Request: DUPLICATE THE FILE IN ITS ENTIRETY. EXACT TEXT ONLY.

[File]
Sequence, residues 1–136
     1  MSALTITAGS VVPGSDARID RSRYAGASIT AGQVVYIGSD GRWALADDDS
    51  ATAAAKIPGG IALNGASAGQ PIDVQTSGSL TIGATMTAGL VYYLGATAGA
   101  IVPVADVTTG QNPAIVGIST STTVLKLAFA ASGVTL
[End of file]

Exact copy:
Sequence, residues 1–136
     1  MSALTITAGS VVPGSDARID RSRYAGASIT AGQVVYIGSD GRWALADDDS
    51  ATAAAKIPGG IALNGASAGQ PIDVQTSGSL TIGATMTAGL VYYLGATAGA
   101  IVPVADVTTG QNPAIVGIST STTVLKLAFA ASGVTL